By Bre McGee
Visiting Bre McGee’s website, you probably won’t be surprised to learn that she is a Minnesota-based photojournalist. Her images of snow-covered hills and trees, hockey rinks, concerts, and a Vikings player going head-to-head with Jordy Nelson of the Packers give a good overview of what it is to live in Minnesota. But for her most recent project, McGee decided to focus on a subject a bit farther from home: Nigeria.
McGee’s series, “Stolen Lives: The Lost Futures of Nigeria’s Trafficked Youth,” is made up of photos from a trip she took to Nigeria last spring with the nonprofit Basic Institute for Zonal African Advancement (BIZAA).
BIZAA was founded in Brooklyn Park, Minnesota, to identify and rescue child-labor and trafficking victims. Once identified, BIZAA works to enroll the children in private schools. The group, using donations and sponsorships to help youth from around Africa, is currently focusing on Nigeria.
The goal of the photo series, McGee says, is to show the difference education makes in the lives of Nigerian people. During the trip, McGee took more than 9,000 photos of children and adults. About a third of her photos feature adults and the elderly, many of whom were working on the streets or standing in line for medical aid. “I couldn’t help but wonder how their lives would be different if they would have had the opportunity to receive an education,” McGee says.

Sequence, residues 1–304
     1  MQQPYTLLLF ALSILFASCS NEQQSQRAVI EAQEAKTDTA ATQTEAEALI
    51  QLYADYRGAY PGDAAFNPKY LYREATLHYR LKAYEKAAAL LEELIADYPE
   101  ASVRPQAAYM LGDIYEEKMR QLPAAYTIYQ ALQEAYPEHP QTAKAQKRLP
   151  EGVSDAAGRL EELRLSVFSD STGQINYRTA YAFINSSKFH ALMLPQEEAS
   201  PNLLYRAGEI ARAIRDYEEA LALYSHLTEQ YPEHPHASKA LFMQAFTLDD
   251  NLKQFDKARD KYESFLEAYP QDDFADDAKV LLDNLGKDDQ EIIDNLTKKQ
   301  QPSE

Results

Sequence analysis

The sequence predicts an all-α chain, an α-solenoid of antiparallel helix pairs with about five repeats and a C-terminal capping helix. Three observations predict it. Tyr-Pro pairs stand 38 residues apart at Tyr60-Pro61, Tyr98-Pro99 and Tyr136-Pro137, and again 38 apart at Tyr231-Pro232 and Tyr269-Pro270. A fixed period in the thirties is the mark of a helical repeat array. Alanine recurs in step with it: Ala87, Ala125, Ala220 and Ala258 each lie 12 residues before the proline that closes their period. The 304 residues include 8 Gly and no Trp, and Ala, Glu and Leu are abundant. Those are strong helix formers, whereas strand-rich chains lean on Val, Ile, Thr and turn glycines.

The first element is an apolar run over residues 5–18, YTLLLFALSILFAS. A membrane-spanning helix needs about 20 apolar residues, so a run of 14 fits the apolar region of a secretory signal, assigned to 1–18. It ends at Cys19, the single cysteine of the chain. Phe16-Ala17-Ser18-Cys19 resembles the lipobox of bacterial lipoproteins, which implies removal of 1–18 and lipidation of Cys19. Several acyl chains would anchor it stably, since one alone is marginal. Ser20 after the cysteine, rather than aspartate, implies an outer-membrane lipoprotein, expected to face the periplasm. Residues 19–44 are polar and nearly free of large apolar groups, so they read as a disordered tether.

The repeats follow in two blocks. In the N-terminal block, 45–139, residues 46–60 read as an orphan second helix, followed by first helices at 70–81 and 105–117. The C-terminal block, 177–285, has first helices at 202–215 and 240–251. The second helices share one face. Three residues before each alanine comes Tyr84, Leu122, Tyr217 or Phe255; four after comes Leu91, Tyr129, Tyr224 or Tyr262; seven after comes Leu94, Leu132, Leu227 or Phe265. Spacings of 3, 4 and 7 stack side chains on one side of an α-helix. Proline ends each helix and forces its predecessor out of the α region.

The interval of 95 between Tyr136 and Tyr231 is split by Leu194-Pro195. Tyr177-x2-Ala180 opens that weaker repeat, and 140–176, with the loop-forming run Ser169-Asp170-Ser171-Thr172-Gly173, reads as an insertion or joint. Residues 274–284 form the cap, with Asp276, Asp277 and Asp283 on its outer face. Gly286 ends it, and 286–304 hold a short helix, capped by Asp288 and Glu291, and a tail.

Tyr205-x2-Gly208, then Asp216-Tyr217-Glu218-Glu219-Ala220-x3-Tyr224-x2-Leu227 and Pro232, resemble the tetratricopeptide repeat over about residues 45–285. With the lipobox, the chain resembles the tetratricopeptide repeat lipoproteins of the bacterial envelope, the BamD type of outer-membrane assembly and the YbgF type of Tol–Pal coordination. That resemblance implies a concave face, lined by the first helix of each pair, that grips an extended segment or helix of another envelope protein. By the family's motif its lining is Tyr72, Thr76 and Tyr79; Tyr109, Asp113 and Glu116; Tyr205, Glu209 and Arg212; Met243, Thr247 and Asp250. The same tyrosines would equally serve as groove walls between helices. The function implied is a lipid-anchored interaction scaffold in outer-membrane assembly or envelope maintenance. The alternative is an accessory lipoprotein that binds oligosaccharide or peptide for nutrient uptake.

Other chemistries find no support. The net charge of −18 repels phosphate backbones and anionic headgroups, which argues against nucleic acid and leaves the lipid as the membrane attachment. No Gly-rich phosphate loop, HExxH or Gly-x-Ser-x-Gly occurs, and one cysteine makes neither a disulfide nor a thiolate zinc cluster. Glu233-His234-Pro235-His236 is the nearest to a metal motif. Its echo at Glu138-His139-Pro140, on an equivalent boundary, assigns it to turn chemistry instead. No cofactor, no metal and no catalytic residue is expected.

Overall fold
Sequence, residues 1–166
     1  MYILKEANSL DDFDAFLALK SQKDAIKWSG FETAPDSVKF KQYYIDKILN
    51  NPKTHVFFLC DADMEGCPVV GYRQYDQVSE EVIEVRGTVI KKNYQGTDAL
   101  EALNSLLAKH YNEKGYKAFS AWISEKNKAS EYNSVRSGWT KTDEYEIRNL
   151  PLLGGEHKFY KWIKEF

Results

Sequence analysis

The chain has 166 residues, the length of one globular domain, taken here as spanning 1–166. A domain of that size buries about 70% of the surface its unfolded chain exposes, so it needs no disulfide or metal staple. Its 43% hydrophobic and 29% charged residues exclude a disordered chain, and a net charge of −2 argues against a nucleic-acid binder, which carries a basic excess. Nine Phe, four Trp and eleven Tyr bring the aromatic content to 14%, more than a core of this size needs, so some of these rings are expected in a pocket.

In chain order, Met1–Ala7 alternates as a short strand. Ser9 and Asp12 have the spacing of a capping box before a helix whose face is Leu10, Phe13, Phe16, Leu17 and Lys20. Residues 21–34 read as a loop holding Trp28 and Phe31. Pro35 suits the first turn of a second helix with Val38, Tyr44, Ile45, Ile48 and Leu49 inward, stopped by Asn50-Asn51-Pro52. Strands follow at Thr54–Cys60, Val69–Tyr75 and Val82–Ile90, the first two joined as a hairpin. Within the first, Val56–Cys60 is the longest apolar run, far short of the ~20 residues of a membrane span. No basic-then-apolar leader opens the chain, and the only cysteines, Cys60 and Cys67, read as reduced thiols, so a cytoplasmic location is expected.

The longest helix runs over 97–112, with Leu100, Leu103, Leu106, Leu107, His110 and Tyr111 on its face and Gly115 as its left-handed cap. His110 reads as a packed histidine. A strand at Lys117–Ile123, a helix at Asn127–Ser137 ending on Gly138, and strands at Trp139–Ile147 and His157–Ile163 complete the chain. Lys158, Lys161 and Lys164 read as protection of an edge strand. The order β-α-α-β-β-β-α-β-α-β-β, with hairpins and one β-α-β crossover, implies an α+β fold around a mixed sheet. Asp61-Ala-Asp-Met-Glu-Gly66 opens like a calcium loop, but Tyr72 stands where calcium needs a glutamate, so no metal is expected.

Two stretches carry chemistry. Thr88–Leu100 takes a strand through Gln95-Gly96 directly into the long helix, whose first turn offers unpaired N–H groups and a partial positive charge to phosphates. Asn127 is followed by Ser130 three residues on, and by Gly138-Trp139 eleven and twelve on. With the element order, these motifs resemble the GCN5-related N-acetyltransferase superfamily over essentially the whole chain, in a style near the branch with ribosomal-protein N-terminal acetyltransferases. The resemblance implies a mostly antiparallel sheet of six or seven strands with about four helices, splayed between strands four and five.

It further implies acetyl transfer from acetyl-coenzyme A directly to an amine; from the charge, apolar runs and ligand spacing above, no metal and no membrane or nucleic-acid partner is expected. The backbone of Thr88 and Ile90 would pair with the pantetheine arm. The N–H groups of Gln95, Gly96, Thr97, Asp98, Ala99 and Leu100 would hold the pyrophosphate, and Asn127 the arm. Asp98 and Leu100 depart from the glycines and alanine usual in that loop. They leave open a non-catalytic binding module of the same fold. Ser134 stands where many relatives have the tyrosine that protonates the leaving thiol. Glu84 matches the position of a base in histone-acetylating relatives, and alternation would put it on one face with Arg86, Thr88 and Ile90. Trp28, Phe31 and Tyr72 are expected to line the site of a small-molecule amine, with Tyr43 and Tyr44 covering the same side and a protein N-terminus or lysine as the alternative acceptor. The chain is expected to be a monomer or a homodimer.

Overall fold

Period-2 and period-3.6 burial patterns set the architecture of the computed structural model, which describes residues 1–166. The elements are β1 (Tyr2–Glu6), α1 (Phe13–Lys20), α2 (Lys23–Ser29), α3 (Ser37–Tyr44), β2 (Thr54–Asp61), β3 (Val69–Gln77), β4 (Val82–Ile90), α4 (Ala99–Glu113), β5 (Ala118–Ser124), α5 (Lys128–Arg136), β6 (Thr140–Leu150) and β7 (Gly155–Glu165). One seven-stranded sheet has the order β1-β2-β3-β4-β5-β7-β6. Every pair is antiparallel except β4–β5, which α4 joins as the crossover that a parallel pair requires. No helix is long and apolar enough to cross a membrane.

One of the most moving photos McGee took shows an elderly woman who had suffered a stroke two weeks before the team of volunteers arrived. The woman did not have the income to pay for medical bills, so she just lay on the cement floor of her home.
Most of the photos in the series are of children. The mission group that went to Nigeria last spring met with more than 100 children from different towns to find those who were either victims of or vulnerable to child labor and sex trafficking. The volunteers asked the children if they were in school, if they had jobs, and if their parents were alive. Children from surrounding areas would stand in line to tell their stories to the volunteers, McGee says.
While members of the group spoke with the children, McGee photographed their interactions and the people in need who passed by. She captured images of a 20-year-old girl who worked as a full-time caretaker for her grandparents; children and young adults selling items on the street; and others just sitting in the doorways of their homes with nothing to do.
But McGee also spent time photographing children who had sponsorships to attend private primary and secondary schools. According to the UN’s guidelines for sustainable development, quality education is vital for the improvement of people’s lives worldwide because it reduces inequalities between genders, helps build understanding and tolerance between peoples, and results in healthier and more sustainable living globally.
McGee will show her series 3:30–5 p.m. at the Golden Valley Country Club on Friday, November 3. The images are on sale and funds will go to BIZAA.
“The world is getting smaller each day,” McGee says. “We need more people to help others that were dealt a hand much more difficult from the start. Those who were lucky enough to be born in a society that gave them a chance to receive an education need to help.”